Hannah Smith, Economic and Social History, Keele University (2021 Cohort)
I commenced my CASE studentship in October, and I have found it beneficial in numerous ways. My studentship includes a one-year MRes project, plus a three-year PhD project. The PhD is focused on Staffordshire and Slavery, however for my MRes I am analysing the memory surrounding slavery and abolition in Liverpool, and the legacies remaining for the people of colour within the community. The research I have pursued for my MRes has alerted me to possible avenues I would like to pursue for my PhD, such as collective memory’s impact on current society. The 1+3 year format of my studentship allowed me to have a funded MRes in the same way my PhD is funded. The stipend I have received has allowed me to solely focus on my MRes, enabling me to dedicate more time towards it compared to if I had to support myself.
My studentship was advertised as focusing on Staffordshire and Slavery, specifically mentioning the effects of slavery in inland areas of Britain, the heritage sector and empire. An aspect that I have especially enjoyed about my studentship is the extent to which I have been able to pursue my own interests. I chose to study the legacies of slavery and abolition in Liverpool for my MRes dissertation project, which has acted as almost a pilot study for my PhD. However, I have become particularly interested in the memory surrounding slavery within the UK and this is something that I am going to continue pursuing in terms of Staffordshire and slavery. My supervisors have actively encouraged me to follow what I am interested in and the research I am doing now will contribute to the shaping of my PhD project. Although there was a specification, I have not found this restrictive in any way and my interests have been the prime factor in the direction of my research.
The relationship my CASE studentship has set up with Staffordshire Archives will also be of great benefit to me once my PhD has commenced. Although I am yet to fully utilise this, I have visited and been provided a tour around the archive centre, giving me an idea of the possible sources I may be using. The student supervisor at the archives will be different by the time I have started my PhD, but the supervisor I met was extremely interested in my prospective project and how she may assist me. Having an assigned contact at Staffordshire Archives provides me aid from someone with an in-depth knowledge of this set of archives and can help me with issues such as locating possible resources, as well as recommending certain collections I may find useful. As part of Staffordshire heritage centre, I will also be disseminating the research I do for my PhD to the public, possibly through lectures, exhibitions, and social media. Although this is something that I do not have much practise in, I am especially looking forward to sharing my research and learning about the experience of people within Staffordshire regarding slavery and memory. My CASE studentship allows me an opportunity to engage with the public and will serve as good experience for future careers, whether that be in academia or not.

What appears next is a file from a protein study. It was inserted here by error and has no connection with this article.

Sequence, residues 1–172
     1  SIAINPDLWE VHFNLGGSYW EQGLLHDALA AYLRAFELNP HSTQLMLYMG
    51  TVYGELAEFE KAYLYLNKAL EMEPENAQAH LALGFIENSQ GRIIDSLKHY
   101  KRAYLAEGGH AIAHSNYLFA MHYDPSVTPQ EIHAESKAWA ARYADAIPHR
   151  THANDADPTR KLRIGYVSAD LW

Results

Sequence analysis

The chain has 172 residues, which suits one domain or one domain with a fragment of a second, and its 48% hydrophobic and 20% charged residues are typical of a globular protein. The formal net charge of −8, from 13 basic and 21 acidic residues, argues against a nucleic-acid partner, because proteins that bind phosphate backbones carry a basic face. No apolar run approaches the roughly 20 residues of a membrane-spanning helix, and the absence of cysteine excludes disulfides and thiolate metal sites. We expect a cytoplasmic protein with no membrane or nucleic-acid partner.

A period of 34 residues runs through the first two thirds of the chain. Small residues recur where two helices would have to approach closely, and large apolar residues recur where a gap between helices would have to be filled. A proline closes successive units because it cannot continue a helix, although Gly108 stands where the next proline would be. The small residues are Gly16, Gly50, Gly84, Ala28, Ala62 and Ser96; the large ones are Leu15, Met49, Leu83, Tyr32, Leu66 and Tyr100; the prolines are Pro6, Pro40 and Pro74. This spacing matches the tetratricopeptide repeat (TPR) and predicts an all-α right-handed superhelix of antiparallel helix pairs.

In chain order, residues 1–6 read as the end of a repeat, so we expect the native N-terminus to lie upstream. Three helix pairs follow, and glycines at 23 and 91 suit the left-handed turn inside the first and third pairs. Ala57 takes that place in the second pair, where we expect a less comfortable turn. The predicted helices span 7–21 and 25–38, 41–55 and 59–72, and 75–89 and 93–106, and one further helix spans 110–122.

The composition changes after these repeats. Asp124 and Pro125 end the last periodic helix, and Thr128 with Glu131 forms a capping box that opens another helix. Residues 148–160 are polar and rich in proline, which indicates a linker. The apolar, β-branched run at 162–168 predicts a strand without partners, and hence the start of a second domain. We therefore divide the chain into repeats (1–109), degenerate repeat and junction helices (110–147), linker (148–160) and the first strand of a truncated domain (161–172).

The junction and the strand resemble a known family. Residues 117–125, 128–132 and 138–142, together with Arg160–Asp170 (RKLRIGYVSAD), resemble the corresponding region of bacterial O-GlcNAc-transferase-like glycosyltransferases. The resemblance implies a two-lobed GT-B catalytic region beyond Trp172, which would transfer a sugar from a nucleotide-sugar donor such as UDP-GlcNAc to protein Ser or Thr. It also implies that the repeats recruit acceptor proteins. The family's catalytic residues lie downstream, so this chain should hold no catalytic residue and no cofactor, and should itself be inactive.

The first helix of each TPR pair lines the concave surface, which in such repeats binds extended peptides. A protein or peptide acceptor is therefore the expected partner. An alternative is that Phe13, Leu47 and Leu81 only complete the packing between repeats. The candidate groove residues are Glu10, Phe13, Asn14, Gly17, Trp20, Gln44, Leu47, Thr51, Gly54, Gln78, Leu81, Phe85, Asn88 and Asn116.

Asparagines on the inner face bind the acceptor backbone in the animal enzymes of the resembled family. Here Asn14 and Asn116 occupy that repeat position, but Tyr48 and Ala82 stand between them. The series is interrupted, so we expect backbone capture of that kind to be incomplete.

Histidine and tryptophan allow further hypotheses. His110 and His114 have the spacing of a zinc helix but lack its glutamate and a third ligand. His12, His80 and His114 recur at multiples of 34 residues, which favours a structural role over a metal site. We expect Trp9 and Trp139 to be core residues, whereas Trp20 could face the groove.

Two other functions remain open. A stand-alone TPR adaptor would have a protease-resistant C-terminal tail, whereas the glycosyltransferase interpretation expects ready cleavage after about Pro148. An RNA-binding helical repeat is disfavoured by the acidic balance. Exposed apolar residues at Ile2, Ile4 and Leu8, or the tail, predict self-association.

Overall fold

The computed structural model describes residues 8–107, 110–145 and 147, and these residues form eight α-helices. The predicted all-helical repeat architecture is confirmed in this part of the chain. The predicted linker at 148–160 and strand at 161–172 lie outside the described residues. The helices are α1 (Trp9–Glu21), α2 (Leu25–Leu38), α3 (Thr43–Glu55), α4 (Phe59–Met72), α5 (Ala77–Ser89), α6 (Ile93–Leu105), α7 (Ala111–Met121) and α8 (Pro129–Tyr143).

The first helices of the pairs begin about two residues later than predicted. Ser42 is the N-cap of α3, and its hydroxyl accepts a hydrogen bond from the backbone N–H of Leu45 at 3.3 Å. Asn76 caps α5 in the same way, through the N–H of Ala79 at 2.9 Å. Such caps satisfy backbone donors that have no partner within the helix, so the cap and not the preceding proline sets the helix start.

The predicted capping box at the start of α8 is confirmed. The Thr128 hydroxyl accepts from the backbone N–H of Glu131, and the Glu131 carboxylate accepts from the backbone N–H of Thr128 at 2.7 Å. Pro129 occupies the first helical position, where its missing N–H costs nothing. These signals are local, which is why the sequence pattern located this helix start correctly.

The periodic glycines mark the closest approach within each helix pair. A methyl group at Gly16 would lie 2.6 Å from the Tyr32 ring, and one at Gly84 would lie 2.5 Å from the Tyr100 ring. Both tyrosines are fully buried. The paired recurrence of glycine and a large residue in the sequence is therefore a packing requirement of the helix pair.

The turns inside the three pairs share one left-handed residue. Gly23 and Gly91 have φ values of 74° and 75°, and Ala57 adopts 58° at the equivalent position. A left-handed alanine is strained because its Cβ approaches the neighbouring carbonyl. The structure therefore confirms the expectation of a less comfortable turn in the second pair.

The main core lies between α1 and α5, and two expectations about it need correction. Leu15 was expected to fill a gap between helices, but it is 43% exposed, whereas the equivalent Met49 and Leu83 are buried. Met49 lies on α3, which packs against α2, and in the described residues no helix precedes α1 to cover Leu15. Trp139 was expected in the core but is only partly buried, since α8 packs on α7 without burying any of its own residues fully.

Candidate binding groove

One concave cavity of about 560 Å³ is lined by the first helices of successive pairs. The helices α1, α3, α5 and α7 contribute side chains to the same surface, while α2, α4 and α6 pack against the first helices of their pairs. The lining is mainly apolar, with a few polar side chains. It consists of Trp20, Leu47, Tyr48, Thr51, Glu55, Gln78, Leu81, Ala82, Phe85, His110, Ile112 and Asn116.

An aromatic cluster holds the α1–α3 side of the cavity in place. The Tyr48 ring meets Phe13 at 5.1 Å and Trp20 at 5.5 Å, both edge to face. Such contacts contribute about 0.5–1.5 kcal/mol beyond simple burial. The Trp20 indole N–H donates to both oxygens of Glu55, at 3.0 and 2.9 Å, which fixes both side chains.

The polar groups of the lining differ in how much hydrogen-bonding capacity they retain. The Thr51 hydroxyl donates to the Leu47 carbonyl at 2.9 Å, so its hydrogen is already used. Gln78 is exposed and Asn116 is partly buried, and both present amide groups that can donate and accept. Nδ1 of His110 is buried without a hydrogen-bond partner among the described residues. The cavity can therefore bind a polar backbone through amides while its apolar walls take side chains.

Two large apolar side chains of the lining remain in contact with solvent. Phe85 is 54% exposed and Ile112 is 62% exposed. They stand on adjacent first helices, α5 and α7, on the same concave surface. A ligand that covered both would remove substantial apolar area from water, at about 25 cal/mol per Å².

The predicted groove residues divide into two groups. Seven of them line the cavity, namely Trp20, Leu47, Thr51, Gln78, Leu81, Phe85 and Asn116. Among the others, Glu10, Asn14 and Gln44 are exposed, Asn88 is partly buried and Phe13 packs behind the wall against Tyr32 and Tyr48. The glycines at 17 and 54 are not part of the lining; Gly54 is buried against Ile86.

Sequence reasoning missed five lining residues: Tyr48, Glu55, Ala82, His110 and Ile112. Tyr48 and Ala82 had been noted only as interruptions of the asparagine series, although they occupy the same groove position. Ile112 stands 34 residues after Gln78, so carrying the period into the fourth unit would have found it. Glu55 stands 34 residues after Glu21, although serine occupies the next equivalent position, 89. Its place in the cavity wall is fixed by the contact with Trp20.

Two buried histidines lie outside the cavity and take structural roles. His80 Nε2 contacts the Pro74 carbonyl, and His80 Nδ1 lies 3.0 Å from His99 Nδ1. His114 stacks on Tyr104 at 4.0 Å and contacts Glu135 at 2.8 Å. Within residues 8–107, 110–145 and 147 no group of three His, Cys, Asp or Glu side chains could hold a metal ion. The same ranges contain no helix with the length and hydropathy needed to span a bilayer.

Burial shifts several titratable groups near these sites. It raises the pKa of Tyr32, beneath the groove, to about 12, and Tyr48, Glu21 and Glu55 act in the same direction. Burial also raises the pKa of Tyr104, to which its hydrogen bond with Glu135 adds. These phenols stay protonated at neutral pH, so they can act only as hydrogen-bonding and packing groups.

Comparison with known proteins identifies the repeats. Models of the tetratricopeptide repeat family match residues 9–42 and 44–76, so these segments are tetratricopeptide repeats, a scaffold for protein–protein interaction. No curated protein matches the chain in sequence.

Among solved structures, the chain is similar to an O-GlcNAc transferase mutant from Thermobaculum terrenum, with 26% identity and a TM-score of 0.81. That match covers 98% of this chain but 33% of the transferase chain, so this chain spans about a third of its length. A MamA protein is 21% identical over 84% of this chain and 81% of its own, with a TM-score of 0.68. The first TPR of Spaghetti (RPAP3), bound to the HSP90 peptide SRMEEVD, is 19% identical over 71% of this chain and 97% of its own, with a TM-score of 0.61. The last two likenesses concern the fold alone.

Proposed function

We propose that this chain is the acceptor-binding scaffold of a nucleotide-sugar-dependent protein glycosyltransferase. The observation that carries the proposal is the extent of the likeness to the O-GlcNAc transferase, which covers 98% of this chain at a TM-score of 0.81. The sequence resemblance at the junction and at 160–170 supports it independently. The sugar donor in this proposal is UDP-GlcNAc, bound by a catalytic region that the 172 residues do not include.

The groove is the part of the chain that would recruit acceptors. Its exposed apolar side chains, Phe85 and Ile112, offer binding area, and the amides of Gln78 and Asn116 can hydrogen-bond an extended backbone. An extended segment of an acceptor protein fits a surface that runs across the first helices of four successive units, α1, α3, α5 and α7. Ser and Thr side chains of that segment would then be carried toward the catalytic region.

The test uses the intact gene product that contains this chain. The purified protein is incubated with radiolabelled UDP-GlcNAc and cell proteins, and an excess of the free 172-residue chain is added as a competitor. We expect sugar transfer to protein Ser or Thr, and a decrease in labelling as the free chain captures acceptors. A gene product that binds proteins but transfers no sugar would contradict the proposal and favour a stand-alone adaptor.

In addition to support from Staffordshire Archives, I have received lots of guidance from my supervisor Siobhan. She has massively helped me in adjusting my academic writing and critical analysis skills from undergraduate level into postgraduate. Having the same core set of supervisors throughout my studentship has allowed them to understand where I need to improve, and I feel like I can be open and honest about where I need extra support. Alongside this, I have met a fellow student who is also exploring Staffordshire and Slavery, using the same archives, but from a creative writing perspective. We have had good discussions relating to the memory and narrative surrounding slavery and abolition and I look forward to further collaboration once I have started my PhD in September. It is interesting to hear about the way she is using the sources in a literary sphere.
Throughout my MRes I have been provided with training that is helping me prepare for my PhD. For example, I have completed a palaeography module, something I had never done before. This module has supplied me with the skills to read and use the documents in Staffordshire Archives and I have enjoyed putting what I have learnt to use. As part of my studentship, I have also been able to attend training days. Oral history is an area I am interested in exploring for my PhD and I was able to attend a training day, at the University of Liverpool, dedicated to methodological benefits and issues with this kind of history. At this training day I also met other NWSSDTP funded students from the Northwest, undertaking PhD’s in different areas of study, and I really enjoyed hearing about their research. Undertaking a studentship automatically ties you into a student research community where you can share experiences and support each other in the undertaking of such a large project.